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what is this doing: frontBuffer / backBuffer

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TEST For some reason it will not let me post my source code.
...
[Edited by - Tom Knowlton on June 4, 2005 6:23:55 PM]

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public void DrawPicture()
{
Graphics g = Graphics.FromImage(_frontBuffer);
g.DrawImage(_backBuffer,0,0);

GamePiece gp;

if (_gw != null)
{
if ((_isDragging) && (_draggingBitmapSet))
{
g.DrawImage(_dragBuffer,0,0);
}
else
{
//Draw pieces
for (int col = MIN_COL; col < _boardCellWidth; col++)
{
for (int row = MIN_ROW; row < _boardCellWidth; row++)
{
if ((_isDragging) &&
(_movingPiecePosition.X == col) &&
(_movingPiecePosition.Y == row))
{

continue;
}
//**********************************
// Start drag highlighting
//**********************************

if ((_isDragging)&&(_MoveCostPositions != null))
{
for (int i = 0; i < _MoveCostPositions.Length; i++)
{
if ((_MoveCostPositions != _gw.NoMove)&&
(_MoveCostPositions.X == col)&&
(_MoveCostPositions.Y == row))
{
if (_gw.CanMoveTo(_movingPiecePosition.X,_movingPiecePosition.Y,col,row))
{
ShadeCell(g,col,row);
break;
}
}
}
}

//**********************************
// End drag highlighting
//**********************************
gp = _gw.ReturnGamePieceAtCell(col,row);
if (gp != null)
{
DrawPieceAtCell(g,gp.ImageIndex,col,row);
}
}
}
}
if (_isDragging)
{
if (!_draggingBitmapSet)
{
Graphics gTmp = Graphics.FromImage(_dragBuffer);
gTmp.DrawImage(_frontBuffer,0,0);
gTmp.Dispose();
_draggingBitmapSet = true;
}
gp = _gw.ReturnGamePieceAtCell(_movingPiecePosition.X,_movingPiecePosition.Y);
if(gp != null)
{
g.DrawImage(_iList.Images[gp.ImageIndex],_lastMousePosition.X - _lastOffset.X,_lastMousePosition.Y - _lastOffset.Y);
}
}
}
g.Dispose();
_pBox.Image = _frontBuffer;
}

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you realise that names with a preceding underscore (like _isDragging) are reserved for the compiler under the c++ standard, right?

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Quote:
Original post by mrbastard
you realise that names with a preceding underscore (like _isDragging) are reserved for the compiler under the c++ standard, right?


I didn't. So I googled for it and found this:

Quote:
http://msdn.microsoft.com/library/default.asp?url=/library/en-us/dndeepc/html/deep04202000.asp
The rules differ slightly between the two languages. In C90 and C99, the implementation reserves

* any global-scope name beginning with _.
* any name beginning with _ followed by an upper-case letter.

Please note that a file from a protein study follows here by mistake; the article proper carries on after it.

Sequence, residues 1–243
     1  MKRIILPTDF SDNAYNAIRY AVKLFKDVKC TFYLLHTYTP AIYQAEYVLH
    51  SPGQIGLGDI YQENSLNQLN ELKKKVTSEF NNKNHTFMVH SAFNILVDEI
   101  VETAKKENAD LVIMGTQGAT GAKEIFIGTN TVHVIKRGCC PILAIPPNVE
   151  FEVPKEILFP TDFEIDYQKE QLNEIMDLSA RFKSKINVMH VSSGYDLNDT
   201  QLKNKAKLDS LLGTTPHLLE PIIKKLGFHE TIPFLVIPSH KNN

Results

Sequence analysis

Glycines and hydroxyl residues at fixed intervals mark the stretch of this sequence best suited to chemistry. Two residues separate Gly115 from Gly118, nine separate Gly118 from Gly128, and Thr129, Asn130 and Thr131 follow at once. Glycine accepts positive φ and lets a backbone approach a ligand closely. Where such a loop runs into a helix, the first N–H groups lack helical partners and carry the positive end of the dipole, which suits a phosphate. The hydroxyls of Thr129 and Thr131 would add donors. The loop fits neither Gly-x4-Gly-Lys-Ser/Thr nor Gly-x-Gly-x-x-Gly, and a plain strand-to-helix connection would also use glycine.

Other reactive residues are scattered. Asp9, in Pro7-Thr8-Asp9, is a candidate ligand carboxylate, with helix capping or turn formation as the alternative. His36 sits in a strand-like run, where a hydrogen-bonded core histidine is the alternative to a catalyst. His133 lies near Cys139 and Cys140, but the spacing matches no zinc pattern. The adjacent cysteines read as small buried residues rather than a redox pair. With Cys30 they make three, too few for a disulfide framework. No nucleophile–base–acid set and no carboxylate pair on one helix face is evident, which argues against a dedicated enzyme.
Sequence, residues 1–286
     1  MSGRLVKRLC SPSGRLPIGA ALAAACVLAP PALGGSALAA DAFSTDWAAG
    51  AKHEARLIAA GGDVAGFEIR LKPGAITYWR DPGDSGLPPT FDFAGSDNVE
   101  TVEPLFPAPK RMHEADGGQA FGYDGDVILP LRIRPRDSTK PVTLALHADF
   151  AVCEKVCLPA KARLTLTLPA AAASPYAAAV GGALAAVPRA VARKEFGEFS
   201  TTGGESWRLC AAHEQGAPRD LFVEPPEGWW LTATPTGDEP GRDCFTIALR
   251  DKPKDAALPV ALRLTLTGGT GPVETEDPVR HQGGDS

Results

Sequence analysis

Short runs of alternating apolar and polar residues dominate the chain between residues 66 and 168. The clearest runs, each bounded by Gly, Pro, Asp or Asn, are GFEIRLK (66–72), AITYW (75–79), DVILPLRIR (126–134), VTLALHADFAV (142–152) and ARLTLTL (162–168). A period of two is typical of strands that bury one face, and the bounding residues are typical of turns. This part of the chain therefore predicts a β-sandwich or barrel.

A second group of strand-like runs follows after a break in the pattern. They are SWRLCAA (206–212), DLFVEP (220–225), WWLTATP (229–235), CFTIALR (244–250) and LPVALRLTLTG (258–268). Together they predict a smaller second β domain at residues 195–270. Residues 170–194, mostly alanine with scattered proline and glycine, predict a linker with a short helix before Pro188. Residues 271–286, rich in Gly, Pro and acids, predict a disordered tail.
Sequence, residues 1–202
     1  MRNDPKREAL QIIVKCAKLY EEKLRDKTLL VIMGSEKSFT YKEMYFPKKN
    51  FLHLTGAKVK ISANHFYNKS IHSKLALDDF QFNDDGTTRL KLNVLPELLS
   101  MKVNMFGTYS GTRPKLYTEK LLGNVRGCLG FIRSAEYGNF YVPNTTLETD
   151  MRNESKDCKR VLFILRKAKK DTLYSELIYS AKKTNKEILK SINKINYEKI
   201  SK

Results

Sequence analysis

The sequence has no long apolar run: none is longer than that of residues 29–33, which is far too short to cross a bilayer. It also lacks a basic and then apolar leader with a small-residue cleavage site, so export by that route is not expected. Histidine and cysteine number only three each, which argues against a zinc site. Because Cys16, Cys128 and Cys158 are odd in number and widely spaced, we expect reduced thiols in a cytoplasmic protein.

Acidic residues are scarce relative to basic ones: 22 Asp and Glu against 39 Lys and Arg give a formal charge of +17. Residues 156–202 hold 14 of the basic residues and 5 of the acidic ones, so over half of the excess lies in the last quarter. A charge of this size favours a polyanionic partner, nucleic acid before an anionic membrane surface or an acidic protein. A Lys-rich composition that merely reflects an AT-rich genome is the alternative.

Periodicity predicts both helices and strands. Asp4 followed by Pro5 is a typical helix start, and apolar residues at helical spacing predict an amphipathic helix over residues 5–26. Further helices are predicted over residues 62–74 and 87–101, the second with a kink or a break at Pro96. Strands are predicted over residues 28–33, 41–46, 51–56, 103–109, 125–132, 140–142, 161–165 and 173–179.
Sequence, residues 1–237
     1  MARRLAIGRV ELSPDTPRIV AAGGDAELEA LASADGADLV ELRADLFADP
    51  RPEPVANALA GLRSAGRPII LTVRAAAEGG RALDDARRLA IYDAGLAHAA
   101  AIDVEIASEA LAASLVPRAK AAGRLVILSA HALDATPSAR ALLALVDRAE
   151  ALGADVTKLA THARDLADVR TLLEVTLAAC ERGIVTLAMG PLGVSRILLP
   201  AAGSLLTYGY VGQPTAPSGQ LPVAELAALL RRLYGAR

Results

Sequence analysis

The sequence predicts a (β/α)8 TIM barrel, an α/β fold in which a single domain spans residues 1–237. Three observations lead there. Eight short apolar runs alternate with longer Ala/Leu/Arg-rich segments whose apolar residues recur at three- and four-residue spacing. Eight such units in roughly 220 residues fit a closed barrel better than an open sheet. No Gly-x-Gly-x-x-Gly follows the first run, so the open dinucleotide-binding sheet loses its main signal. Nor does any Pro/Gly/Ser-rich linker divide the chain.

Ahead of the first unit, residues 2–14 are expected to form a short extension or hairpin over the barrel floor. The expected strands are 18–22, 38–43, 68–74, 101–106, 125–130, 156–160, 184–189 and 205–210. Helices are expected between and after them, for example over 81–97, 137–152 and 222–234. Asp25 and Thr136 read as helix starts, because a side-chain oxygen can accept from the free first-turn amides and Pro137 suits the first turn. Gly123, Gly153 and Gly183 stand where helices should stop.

* any name beginning with __.

In C++, the implementation reserves

* any global-scope name beginning with _.
* any name beginning with _ followed by an upper-case letter.
* any name containing __.

(The C++ rules are more restrictive, reserving any name that features double underscores anywhere, not just at the beginning.)


So the TS (and I :)) should be save.

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Guest Anonymous Poster
I think he is using Java cause he uses "null" and not "NULL".

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Quote:
Original post by Seraphim
So the TS (and I :)) should be save.


Thanks for correcting me - I didn't know it was that specific.

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To ALL:

Yes...I've been trying to use the souce tags:

  
(is that correct?)


The language is C# I am writing this in.

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I don't think this forum has any syntax highliting for C#, I'm not sure. Simply use the tag as C++ source code (since they're almost similar):
{source lang="cpp"}...{/source}
NOTE: Replace the "{}"s with "[]"s.

   As for your question about double buffering, what it does is it attempts to prevent "tearing", or that flashing effect when you draw something incomplete on the specified surface. Imagine that you're taking requests for drawing from some people (I don't know how to put this in a real-world situation), you have to constantly show the audience one sheet of paper, and you only draw on one sheet of paper. Each time the people request a new drawing from you, you have to draw a new, well, drawing, and the bad thing is, the people actually see your picture in the process of it being drawn, which'll probably look... odd.
   So, to fix this problem, you would need more than one sheet of paper to draw on, so you get two sheets of paper. One sheet of paper is the "viewing paper", or the paper that the people are currently seeing (similar to the "frontBuffer"), and the other sheet of paper is the "drawing paper", the paper that you are currently drawing on ("backBuffer").
   Whenever someone requests a new drawing, you wait until you're done with your current drawing (if you choose to do so), take the "drawing paper" up there, and swap it with the "viewing paper". So now, the papers have traded places, so the previous "viewing paper" is now the "drawing paper" and vice versa. Now, you can draw on the "drawing paper" without the people seeing it, but they still have something to look at.

Meh, it was the best example I could think of.

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